Prof. Dr. Chris Welty
Sr. Research Scientist, Google
Short bio: Dr. Chris Welty is a Sr. Research Scientist at Google in New York, and an Endowed Professor of Cognitive Systems at the VU University, Amsterdam. His main area of interest is using structured semantic information to improve semantic processing of unstructured information, such as using freebase to help improve web search. His latest work is on using crowdsourcing to form a new theory of truth based on diversity of perspectives. Before Google, Dr. Welty was a member of the technical leadership team for IBM's Watson - the question answering computer that destroyed the all-time best Jeopardy! champions in a widely televised contest. He appeared on the broadcast, discussing the technology behind Watson, as well as many articles in the popular and scientific press. His proudest moment was being interviewed for StarTrek.com about the project. He is a recipient of the AAAI Feigenbaum Prize for his work. Welty was one of the first to call attention to the new paradigm of Cognitive Computing that is emerging in computation, and previously has played a seminal role in the development of the Semantic Web and Ontologies, and co-developed OntoClean, the first formal methodology for evaluating ontologies. He is on the editorial board of AI Magazine, the Journal of Applied Ontology, the Journal of Web Semantics, and the Semantic Web Journal.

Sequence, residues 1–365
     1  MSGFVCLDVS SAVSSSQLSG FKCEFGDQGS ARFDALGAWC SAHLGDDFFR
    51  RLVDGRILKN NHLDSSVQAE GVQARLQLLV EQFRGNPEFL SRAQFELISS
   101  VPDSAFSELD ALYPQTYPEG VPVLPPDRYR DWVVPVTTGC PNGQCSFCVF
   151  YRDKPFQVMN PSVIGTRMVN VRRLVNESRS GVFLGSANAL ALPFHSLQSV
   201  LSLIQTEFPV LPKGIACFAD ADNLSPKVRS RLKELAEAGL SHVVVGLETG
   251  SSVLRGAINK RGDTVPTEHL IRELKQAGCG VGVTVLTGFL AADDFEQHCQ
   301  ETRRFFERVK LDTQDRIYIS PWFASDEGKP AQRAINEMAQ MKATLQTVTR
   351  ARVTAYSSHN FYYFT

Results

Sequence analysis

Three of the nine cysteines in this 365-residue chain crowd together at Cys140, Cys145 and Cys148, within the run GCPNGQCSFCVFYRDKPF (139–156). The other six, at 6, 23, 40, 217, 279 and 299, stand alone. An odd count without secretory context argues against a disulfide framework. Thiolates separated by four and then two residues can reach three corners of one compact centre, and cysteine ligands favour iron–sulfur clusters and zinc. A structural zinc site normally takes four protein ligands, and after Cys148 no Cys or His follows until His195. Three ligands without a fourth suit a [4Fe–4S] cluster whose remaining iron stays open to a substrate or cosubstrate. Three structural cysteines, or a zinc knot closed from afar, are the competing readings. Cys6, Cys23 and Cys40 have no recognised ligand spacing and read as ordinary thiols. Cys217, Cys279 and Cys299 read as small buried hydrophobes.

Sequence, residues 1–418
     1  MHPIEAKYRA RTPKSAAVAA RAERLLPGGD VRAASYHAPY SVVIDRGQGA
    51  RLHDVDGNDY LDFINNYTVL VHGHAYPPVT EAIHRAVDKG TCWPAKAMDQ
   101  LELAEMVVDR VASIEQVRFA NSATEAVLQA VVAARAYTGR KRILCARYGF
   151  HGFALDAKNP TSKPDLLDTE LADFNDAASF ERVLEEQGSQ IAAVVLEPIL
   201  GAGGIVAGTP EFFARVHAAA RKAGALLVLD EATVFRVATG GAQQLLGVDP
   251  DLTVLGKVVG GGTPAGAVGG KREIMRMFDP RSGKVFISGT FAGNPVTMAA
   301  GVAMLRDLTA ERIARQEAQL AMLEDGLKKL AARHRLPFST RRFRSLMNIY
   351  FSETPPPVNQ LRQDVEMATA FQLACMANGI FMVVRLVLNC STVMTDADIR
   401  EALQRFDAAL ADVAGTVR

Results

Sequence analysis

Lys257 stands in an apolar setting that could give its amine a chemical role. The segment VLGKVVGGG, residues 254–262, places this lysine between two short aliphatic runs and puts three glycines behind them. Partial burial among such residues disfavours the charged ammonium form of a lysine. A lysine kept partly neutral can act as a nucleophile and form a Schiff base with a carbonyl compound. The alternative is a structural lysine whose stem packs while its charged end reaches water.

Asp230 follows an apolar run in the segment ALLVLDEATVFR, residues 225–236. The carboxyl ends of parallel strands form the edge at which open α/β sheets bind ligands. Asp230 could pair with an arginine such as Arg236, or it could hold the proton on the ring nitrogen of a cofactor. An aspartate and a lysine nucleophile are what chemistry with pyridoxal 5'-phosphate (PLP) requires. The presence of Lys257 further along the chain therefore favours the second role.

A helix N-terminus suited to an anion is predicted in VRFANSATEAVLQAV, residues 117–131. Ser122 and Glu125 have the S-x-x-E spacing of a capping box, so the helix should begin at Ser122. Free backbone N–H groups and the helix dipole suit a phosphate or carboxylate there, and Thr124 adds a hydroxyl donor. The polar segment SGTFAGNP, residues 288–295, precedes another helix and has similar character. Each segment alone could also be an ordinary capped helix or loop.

Towards an Embedded Theory of Truth
Abstract: Since the early days of Computer Science and AI, the Tarskian theory of truth being a discrete and binary valued function that maps from symbols to objects in the world has been accepted and rarely questioned. Even in today's deep learning world, measurements of performance are taken against a simple binary division of data into positive and negative examples. But we don't live in a discrete world, and human intelligence is anything but discrete - is Michael Jordan the best basketball player of all time? Is Beethoven's Fifth Symphony "festive"? Is the statement "Google is located-in NY" true? As it turns out, nothing outside of the artificial realm of mathematics can be viewed as discretely true or false. In this talk, I will present a new, spatial, view of semantics that allows for a richer set of possibilities and far more closely aligns with human intelligence and the universe we live in, with examples of how this makes artificial intelligence a bit less ... artificial.